I just arrived in Detroit to spend two weeks celebrating the holidays with friends and family. It was bitter sweet to leave the tiny house behind because I love living in it, but I also love that my new life allows me the opportunity to travel. Last year we spend two months in Michigan, which was about a month and a half too long. I began to get homesick and tired of the cold and snow. In February we went to New Mexico and Arizona just because we could. I don’t know yet what we will do the rest of this winter.

Being able to spend time away from the tiny house is as important a part of our adventure as building the house was in the first place. As I mentioned in my last post, this was about profoundly changing my life. The tiny house was one component and location independence is another.

I have a lot of people asking me how they too can live in a tiny house without a mortgage or utility bills and what they can do to earn money in this lifestyle. It is as if those two things go hand in hand for most who dream about going tiny. They don’t have to. You can live in a tiny house and work a conventional job. Or you can live in a conventional house and work an unconventional job. However, without drastically changing the way you think about your life, your earning potential, and your spending you can’t do either.

Photo credit J. Andrew Flenniken.

Me picnicking in the mountains of North Carolina with friends.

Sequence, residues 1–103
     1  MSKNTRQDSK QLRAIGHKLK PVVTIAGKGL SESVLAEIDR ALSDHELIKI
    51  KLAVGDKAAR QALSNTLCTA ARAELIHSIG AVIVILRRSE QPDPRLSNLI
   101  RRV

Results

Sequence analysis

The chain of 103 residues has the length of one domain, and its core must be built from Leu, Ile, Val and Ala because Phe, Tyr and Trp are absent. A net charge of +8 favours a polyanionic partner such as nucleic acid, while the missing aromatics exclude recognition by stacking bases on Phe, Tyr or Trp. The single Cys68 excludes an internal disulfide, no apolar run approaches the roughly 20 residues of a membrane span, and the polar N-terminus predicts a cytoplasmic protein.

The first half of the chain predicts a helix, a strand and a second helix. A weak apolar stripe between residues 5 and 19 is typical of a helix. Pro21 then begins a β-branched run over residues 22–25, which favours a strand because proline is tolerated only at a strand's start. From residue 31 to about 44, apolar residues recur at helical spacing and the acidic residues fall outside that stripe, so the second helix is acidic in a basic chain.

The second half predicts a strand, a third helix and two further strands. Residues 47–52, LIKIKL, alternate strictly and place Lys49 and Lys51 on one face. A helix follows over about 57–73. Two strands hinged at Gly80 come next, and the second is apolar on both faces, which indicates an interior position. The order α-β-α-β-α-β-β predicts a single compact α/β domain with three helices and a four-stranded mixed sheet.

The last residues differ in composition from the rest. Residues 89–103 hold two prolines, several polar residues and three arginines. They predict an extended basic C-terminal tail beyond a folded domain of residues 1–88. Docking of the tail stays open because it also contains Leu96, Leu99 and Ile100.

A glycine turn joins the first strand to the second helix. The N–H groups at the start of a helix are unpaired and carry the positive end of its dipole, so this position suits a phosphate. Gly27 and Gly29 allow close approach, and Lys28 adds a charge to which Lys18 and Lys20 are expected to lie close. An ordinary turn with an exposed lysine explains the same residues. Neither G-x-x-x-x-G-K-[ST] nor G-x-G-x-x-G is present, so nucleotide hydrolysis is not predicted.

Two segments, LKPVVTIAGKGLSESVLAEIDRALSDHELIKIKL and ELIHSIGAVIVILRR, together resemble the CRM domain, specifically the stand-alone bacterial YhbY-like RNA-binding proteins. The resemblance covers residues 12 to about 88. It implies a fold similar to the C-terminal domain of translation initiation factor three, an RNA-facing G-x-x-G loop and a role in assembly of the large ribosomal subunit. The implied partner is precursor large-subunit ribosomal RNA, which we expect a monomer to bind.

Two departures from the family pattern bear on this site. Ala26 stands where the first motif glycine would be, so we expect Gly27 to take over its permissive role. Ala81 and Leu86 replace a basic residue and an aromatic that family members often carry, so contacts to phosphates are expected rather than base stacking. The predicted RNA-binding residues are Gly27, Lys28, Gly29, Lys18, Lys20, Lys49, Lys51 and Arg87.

Location independence is the idea that you can earn a living from anywhere in the world by working in jobs that require nothing more than an internet connection. There are several programs that can help you realize your goals and put them into action, but ultimately the bonus is on each individual to work hard and build a virtual business that can follow them around the world, or simply to their tiny house. Some location independent careers include:

  • Writing
  • Web designing
  • Affiliate marketing
  • E-commerce store
  • Project manager
  • Remote agreement with current employer

With the exception of having a remote work agreement with your employer, all of these careers have one big thing in common: they require self-management.

I decided to pursue my lifelong dream of becoming a writer. While I’m not writing vampire novels like I imagined when I was 12, I am earning a solid living writing blog posts and other marketing pieces for clients. I am extremely happy to be doing something I truly love every day. Writing won’t be the right solution for everyone but if you are interested in location independent work, there is something you can use your talents to accomplish for yourself.

What kind of location independent job would you consider to change your life? How can you start working toward it today? 

Laura is a contributing writer for Tiny House Listings and she walks the walk. She lives in a 120 square foot cabin in Asheville, NC that she and her partner Matt built themselves. You can learn more about Laura and Matt at their website 120squarefeet.com.

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